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Come in her crowning lour, -and then
Thy sunken eye's unearthly light,
To him is welcome as the sight

Of sky and stars to prison'd men;
Thy grasp is welcome as the hand
Of brother in a foreign land;
Thy summons welcome as the cry
That told the Indian isles were nigh

To the world-secking Genoese,
When the land-wind, from woods of palm,
And orange-groves, and fields of balm,

Blew o'er the Haytien seas.

Bozzaris! with the storied brave

Greece nurtured in her glory's time, Rest thee: there is no prouder grave,

Even in her own proud clime. She wore no funeral weeds for thee,

Nor bade the dark hearse wave its plume, Like torn branch from death's leafless tree, In sorrow's pomp and pageantry,

The heartless luxury of the tomb); But she remembers thee as one Long loved, and for a season gone; For thee her poet's lyre is wreathed, Her marble wrought, her music breathed; For thee she rings the birthday bells; Of thee her babes' first lisping tells; For thine her evening prayer is said, At palace conch and cottage bed; Uer soldier, closing with the foe, Gives for thy sake a deadlier blow; His plighted maiden, when she fears For him, the joy of her young years, Thinks of thy fate, and checks her tears;

And she, the mother of thy boys, Though in her eye and faded cheek Is read the grief she vill not speak,

The memory oi' her buried joys, And even she who gave thee birth, Will, by their pilgrim-circled hearth,


To the quiet nooks of home,

To the public halls so wide,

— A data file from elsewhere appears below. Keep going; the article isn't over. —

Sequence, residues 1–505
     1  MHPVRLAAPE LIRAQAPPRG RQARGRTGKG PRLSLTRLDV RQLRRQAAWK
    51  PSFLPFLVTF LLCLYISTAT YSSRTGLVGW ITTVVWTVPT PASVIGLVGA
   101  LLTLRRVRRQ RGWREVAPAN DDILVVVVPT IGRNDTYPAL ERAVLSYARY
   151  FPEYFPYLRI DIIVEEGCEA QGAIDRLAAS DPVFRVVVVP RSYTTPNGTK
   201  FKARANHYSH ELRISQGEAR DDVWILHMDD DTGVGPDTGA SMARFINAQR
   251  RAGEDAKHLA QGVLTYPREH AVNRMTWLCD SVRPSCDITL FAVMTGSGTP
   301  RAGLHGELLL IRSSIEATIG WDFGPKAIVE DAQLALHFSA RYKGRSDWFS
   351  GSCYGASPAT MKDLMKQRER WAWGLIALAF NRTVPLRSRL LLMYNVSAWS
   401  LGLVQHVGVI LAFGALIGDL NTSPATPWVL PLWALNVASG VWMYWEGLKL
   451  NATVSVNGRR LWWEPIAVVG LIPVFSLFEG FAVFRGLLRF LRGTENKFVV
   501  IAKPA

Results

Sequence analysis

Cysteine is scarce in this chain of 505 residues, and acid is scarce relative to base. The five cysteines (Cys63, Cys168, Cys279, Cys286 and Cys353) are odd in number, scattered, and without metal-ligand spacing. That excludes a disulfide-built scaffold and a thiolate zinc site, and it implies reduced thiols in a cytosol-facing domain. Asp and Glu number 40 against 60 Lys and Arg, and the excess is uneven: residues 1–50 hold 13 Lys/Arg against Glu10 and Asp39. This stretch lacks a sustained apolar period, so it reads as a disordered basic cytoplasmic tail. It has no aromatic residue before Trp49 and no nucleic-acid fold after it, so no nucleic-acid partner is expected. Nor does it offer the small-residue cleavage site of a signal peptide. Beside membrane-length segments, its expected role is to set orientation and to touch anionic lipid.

The women, all loyal, hurrying come,

And sit down side by side,
To fight for their native land,

With womanly weapons girt,
For dagger a needle, scissors for brand,

While they sing the song of the shirt.

O women with sons so dear,

O tender, loving wives,
It is not money you work for now,

But the saving of precious lives. 'Tis roused for the battle we feel

O for a thousand experts, Armed with tiny darts of steel,

To conquer iliousands of shirts !


Under the sheltering roof, Come to the rescue, poor and rich,

Nor stay from the work aloof; To the men who are shedding their blood,

To the brave, devoted band, Whose action is honor, whose cause is good,

We pledge our strong right hand.


With earnest heart and soul-

To keep the Union whole.
And 'tis O for the land of the brave,

Where treason and cowardice lurk,
Where there's all to lose or all to save,

That we're doing this Christian work.

Brothers are fighting abroad,

Sisters will help them ere Ilusbands and wives with one accord

Serving the cause so dear. Stand by our colors to-day

Keep to the Union trueUnder our flag while yet we may

Hurrah for the Red, White, and Blue.



ONE summer morning a daring band
Of rebels rode into Maryland,

Over the prosperous peaceful farms,
Sending terror and strange alarms,

The clatter of hoofs and the clang of arms.
Fresh from the South, where the hungry pine,
They ate like Pharaoh's starving kine;

They swept the land like devouring surge,
And left their path, to its farthest verge,

Bare as the track of the locust-scourge “The rebels are coming," far and near Rang the tidings of dread and fear;

Some paled, and cowered, and sought to hide;
Some stood erect in their fearless pride ;

And women shuddered, and children cried.
But others-vipers in human form,
Stinging the bosom that kept them warm-

Welcomed with triumph the thievish band,
Hurried to offer the friendly hand,

As the rebels rode into Maryland, -
Made them merry with food and wine,
Clay them in garments rich and fine, -

For rags and hunger to make amends, -
Flattered them, praised them with selfish ends.
'Leave us scathless, for we are friends !"
Could traitors trust a traitor ? No!
Little they favored friend or foe,

But gathered the cattle the farms across,
Flinging back, with a scornful toss--
“If ye are friends, ye can bear the loss !"
Flushed with triumph, and wine, and prey,
They neared the dwelling of Ishmael Day,

A sturdy veteran, gray and old,
With heart of a patriot, firm and bold,

Strong and steadfast-unbribed, unsold.
And Ishmael Day, his brave head bare,
His white locks tossed by the morning air,

Fearless of danger, or death, or scars,
Went out to raise, by the farm-yard bars,